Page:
I woke up at 1 AM. My friend, Missy, and I left Auburn at 2. We achieved the impossible – two twenty-something girls with balls to attend took zero luggage to DC. We each had four layers of clothes on our bodies – my jeans barely zipped and I had a little trouble bending my knees, but otherwise, all was good. We carried our ball gowns on the plane in one garment bag and used our very best authoritative voices when a flight attendant tried to question us. By 9 AM, we were on the DC Metro headed to our hotel.
Not willing to miss a moment, we picked up another friend and took off to see the sights in DC. There were people hanging out all around, but nothing like the crowds that I expected to see.
When we arrived at the World War II Memorial, visitors were having pictures taken with their home state’s monument. Only 2 states had people lined up for the opportunity – Alabama and Texas. Now, I have always been known for my amazing inability to disguise emotion; however, I saw quite a few Alabamians with proud tears in their eyes at the sight. One thing was certain – Alabama was fully present to see history made in DC this Tuesday.
The balls were amazing that night. We drank pink champagne and danced to Louis Armstrong and several country music acts. We ran into people we knew and took pictures with people we didn’t know. Chef Daniel Young served up an array of yummy food for carnivores and vegetarians alike (social gatherings are always a concern if you don’t eat meat, so this was a fantastic added bonus). The metro ended up being the only problem. For a reason I still don’t understand, DC opted to limit subway service after a certain hour, even though balls were held all across DC until all hours of the night! Moral of the story – do not attend a ball via subway. Lesson learned.
January 20, 2009 – Inauguration Day
We were exhausted, but exhilarated. I turned CNN on first thing and saw a reporter interviewing a guy named James from…Anniston, Alabama. We arrived at the gate for silver ticket holders a few hours early to make sure we got a good spot. Then we turned around to go to the back of the line. We walked a block. 2 blocks. 4 blocks. At 5 blocks, we realized that we simply were not going inside. So we made our way to the National Mall to watch the event unfold via teleprompter. There were people everywhere. Old, young, black, white, in carseats and wheelchairs alike. They were jumping blockades, climbing trees, and perching themselves on top of portable toilets. Mob-like, but oh-so-jubilant, everyone was happy to be there, but they were also intent on getting to the best viewing spot, even if it meant sitting on top of a fluorescent blue sewage receptacle on wheels.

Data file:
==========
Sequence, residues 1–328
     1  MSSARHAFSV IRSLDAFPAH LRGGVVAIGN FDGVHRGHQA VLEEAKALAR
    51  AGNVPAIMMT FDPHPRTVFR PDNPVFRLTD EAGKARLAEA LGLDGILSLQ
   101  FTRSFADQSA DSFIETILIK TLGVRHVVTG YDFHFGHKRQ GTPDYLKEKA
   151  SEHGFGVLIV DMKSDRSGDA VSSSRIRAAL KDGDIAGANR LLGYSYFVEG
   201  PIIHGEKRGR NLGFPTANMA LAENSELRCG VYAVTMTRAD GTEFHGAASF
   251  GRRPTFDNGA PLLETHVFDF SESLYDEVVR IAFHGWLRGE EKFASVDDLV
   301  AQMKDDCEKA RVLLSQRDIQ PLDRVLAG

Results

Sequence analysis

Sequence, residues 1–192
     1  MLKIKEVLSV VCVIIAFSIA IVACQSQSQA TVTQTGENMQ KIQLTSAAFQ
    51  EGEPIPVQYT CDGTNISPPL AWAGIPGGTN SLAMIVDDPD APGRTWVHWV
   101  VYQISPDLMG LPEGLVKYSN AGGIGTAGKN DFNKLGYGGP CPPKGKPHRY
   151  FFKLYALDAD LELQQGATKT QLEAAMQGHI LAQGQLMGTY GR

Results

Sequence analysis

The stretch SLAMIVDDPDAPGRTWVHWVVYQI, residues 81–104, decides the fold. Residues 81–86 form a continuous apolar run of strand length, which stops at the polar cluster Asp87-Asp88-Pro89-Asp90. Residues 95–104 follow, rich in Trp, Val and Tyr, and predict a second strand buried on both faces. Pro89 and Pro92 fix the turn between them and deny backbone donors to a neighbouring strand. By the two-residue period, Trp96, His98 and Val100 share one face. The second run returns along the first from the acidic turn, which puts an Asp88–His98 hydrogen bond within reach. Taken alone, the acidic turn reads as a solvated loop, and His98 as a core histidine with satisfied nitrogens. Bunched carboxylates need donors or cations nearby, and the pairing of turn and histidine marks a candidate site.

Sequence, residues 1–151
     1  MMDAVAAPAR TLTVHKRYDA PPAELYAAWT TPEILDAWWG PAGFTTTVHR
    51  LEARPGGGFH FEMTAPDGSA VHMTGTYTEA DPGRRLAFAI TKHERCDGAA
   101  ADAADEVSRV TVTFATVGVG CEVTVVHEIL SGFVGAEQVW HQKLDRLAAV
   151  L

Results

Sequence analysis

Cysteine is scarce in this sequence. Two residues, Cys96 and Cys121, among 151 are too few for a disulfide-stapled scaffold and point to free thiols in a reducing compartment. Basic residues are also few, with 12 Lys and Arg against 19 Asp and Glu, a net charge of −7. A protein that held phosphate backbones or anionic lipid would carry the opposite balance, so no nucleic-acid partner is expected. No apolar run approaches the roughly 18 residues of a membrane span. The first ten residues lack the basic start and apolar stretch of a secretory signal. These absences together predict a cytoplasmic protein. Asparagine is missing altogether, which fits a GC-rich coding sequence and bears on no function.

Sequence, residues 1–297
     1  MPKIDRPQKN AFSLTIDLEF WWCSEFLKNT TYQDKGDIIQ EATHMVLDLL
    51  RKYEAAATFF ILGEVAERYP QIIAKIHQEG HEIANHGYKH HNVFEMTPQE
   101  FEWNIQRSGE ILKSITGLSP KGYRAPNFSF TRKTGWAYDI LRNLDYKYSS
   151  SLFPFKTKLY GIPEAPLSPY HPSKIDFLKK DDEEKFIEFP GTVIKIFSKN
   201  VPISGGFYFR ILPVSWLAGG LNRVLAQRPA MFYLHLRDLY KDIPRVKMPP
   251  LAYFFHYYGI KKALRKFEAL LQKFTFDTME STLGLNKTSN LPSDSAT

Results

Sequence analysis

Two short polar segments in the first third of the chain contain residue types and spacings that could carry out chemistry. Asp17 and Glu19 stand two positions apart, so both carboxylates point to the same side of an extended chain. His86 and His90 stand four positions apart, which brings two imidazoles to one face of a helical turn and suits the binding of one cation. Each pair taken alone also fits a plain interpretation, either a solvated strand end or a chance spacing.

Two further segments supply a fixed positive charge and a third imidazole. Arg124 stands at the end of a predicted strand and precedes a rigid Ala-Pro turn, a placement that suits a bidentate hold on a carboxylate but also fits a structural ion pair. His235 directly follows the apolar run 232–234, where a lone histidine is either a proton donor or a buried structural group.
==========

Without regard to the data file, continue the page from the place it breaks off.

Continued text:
There were 2 million people on the National Mall Tuesday. And when the first words were spoken at the ceremony, all 2 million came to a dead silence. They stopped in the middle of the streets and listened.
Missy and I, on the other hand, were about to miss a flight. So, with ears and hearts wide open, we began to beg our way through the masses. Subways were closed all around the Capital, and we walked 12 blocks to catch a cab to Dulles.
Our cab was the only car on the freeway for the majority of the 20 minute ride to the airport. And when our driver turned the radio on, NPR was broadcasting live from an inaugural celebration in….Birmingham, Alabama.
So many emotions are tied to witnessing history. I was excited to be there, but wanted my husband there, too. My presence also represented my dad, who is the only reason I ever became involved in politics. I carried the spirit of my deceased grandfather, who served his country in WWII, and my mom, an RN who knows firsthand how many uninsured Americans there actually are. I took pictures for my four nephews – one who was only a week old on the big day.
And I was so proud of my state. Alabama, so often discounted and unrecognized, showed up to bear witness Tuesday. Alabama refused to be ignored. And while I was in DC yesterday when the beginning of a new era arrived, and while it was an unforgettable experience for which I am grateful…this journey really began in Selma.
So, after leaving the Atlanta airport and crossing the Georgia line, I came to a startling realization: I had never been so happy, so utterly proud, to be back in Alabama.